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Successful novel use of tofacitinib for type II refractory coeliac disease
  1. Jasleen Kaur Grewal1,
  2. Ari Kassardjian2 and
  3. Guy A Weiss3
  1. 1Division of Gastroenterology, Deparment of Medicine, Southern California Kaiser Permanente, San Diego, California, USA
  2. 2Department of Pathology, UCLA, Los Angeles, California, USA
  3. 3Celiac Disease Program, University of California Los Angeles David Geffen School of Medicine, Los Angeles, California, USA
  1. Correspondence to Dr Jasleen Kaur Grewal; jkgrewal001{at}


Refractory coeliac disease (RCD) occurs when patients with confirmed CD have continuous or recurrent malabsorption and enteropathy after at least 12 months on a gluten-free diet. Differentiating between type I and type II RCD is key as the latter is associated with T-cell aberrancy and considered prelymphoma, with high mortality rates. Current treatment regimens for type II RCD include corticosteroids, biologics and chemotherapy, but there are no proven therapies for this serious condition. Our patient is a middle-aged woman who developed postpartum type II RCD. When she failed multiple drug classes, we did a trial of tofacitinib. Our clinical experience with use of a janus kinase inhibitor was successful, with no associated adverse events. This is the first report in the literature of RCD remission in response to tofacitinib. The use of this novel agent shows promise in reversing this potentially fatal condition.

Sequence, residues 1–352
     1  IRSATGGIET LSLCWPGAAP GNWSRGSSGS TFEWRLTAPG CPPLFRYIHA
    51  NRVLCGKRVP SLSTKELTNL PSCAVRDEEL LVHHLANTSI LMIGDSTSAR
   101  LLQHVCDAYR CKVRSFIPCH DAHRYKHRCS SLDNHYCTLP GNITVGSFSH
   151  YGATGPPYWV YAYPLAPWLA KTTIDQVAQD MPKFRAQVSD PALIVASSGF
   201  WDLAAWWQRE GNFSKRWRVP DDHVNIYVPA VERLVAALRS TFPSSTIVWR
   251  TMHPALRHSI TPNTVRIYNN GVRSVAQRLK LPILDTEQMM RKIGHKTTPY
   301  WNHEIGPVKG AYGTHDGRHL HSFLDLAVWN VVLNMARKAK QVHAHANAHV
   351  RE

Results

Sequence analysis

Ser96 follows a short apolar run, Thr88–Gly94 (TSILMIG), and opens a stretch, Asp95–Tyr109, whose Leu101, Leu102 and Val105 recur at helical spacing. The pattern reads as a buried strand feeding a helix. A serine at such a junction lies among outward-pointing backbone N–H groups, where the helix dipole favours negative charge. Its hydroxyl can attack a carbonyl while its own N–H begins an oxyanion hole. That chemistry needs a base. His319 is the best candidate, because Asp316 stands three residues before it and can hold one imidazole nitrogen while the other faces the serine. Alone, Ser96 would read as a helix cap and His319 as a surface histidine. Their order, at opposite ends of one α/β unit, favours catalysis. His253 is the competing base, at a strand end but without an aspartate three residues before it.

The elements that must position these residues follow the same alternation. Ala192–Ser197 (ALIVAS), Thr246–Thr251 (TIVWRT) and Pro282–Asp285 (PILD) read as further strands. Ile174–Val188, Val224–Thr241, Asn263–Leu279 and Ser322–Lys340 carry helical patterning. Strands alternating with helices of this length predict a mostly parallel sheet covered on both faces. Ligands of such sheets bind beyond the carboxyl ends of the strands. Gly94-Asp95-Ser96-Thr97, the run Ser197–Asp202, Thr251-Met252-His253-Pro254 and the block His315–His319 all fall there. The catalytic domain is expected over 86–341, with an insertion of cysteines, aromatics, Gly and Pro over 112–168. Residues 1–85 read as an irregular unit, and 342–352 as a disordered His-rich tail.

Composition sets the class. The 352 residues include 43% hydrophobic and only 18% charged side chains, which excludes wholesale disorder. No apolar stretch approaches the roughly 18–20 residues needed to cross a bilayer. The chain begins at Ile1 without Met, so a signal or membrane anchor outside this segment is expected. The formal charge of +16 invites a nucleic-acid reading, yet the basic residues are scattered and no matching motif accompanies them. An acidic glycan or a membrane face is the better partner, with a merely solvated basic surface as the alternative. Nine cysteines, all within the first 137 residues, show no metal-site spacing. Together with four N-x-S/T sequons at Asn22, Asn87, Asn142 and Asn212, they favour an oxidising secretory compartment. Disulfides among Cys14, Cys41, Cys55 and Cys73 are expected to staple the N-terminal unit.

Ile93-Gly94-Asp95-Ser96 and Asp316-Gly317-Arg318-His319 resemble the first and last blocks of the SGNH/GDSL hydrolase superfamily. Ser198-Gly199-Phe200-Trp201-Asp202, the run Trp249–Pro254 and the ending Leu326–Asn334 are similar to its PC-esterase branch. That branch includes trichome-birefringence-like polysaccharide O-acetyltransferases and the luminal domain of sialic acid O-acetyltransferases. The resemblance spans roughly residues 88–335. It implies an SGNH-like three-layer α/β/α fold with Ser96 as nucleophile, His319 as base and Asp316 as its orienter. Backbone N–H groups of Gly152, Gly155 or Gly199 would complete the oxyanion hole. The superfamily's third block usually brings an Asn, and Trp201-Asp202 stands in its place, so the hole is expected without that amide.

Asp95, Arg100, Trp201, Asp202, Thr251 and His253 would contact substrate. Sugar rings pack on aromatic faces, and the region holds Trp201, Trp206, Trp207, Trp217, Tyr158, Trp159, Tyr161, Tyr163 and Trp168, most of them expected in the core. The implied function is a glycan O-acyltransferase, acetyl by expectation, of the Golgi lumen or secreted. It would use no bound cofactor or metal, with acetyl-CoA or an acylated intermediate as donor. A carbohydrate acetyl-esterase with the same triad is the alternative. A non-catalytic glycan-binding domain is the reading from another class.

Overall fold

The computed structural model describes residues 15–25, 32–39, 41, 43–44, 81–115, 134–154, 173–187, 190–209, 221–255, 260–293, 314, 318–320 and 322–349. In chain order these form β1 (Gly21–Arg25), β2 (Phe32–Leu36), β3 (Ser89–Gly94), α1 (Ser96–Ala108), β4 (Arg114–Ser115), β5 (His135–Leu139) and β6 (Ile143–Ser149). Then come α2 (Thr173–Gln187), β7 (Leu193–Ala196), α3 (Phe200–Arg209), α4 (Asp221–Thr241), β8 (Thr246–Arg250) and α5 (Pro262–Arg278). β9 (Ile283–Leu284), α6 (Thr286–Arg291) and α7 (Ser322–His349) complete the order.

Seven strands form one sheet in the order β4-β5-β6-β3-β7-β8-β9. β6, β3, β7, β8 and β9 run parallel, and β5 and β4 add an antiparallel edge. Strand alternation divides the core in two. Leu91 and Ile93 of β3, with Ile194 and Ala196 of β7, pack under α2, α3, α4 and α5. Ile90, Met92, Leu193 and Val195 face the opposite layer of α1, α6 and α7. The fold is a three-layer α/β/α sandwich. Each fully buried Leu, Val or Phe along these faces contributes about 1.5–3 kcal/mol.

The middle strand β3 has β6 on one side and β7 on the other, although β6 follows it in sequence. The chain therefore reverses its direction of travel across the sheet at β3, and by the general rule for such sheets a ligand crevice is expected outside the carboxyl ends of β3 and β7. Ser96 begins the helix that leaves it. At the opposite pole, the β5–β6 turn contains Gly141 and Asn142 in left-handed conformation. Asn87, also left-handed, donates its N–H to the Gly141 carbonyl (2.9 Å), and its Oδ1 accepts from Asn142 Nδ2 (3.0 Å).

• Small intestine
  • Coeliac disease
  • Drugs: gastrointestinal system
  • Nutrition
  • Malabsorption

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  • Contributors All authors contributed to the the writing and editing of the paper. JKG and GAW providered clinical care for the patient. AK analysed the histology and reviewed the manuscript.

  • Funding The authors have not declared a specific grant for this research from any funding agency in the public, commercial or not-for-profit sectors.

  • Case reports provide a valuable learning resource for the scientific community and can indicate areas of interest for future research. They should not be used in isolation to guide treatment choices or public health policy.

  • Competing interests None declared.

  • Provenance and peer review Not commissioned; externally peer reviewed.